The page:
Sunday, December 27, 2009
Battle of Chickamauga, Georgia
The Battle of Chickamauga, fought on September 19 & 20, 1863, was one of the bloodiest battles ever witnessed on the American continent.
Fought in the woods and small fields along the west side of Chickamauga Creek near the modern community of Fort Oglethorpe, the battle resulted in losses of 34,000 killed, wounded and missing from the two armies. It was described by many as a "soldier's fight," because in many cases soldiers stumbled and struggled through overgrown woods with little direction and surrounded by the smoke and confusion of battle.
Chickamauga was also one of the most dramatic Confederate victories of the Civil War. General James Longstreet's Corps attacked just as a gap was accidentally opened in the Union lines. Southern troops pierced the Union line of battle and the Federal army of General William S. Rosecrans collapsed in panic, with only the men under General George H. Thomas, the "Rock of Chickamauga," holding their ground on Snodgrass Hill.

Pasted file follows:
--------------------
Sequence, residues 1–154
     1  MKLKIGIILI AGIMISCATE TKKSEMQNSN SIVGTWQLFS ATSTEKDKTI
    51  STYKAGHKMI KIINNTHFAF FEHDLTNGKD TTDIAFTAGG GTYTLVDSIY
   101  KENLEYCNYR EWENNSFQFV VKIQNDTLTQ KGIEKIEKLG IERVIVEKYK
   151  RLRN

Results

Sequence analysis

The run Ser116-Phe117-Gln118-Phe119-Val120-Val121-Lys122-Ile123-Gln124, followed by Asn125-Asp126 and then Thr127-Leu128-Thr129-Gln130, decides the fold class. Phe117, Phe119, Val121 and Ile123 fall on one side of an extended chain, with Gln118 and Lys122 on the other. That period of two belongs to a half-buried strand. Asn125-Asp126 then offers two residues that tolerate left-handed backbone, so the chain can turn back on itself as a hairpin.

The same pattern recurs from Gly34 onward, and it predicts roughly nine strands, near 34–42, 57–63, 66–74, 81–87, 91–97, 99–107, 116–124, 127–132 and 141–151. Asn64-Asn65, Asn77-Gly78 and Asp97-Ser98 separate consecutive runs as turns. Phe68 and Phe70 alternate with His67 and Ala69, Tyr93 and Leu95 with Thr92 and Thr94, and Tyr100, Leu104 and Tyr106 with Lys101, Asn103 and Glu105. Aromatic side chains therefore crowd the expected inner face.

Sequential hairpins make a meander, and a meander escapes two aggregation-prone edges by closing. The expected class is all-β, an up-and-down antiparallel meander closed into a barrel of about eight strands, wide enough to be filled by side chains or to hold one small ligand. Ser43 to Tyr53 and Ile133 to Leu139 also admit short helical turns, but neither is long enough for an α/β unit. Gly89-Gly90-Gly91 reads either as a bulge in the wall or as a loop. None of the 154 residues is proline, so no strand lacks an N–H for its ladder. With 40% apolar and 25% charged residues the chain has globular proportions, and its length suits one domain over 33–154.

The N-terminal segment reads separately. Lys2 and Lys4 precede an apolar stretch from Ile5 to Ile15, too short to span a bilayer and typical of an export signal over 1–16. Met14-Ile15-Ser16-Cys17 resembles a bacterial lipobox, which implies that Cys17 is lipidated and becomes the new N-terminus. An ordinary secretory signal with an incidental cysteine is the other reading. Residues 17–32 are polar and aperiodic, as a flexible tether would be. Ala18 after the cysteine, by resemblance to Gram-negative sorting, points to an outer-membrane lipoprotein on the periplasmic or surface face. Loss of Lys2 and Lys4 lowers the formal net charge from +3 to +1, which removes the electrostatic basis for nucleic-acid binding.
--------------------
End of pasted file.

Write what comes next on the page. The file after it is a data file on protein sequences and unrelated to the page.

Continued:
The scene of Braxton Bragg's great victory is now preserved as a unit of the Chickamauga & Chattanooga National Military Park. Other units include Point Park on Lookout Mountain, small reserves on Missionary Ridge and several other areas in and around Chattanooga, Tennessee. The Chickamauga unit is the largest section of the park, however, and features tour roads, monuments, a magnificent visitor center and interpretive markers that help visitors explore the miles of battlefield. To learn more, please visit www.exploresouthernhistory.com/chickamauga. You might also enjoy the new film on the battle which is now available on DVD: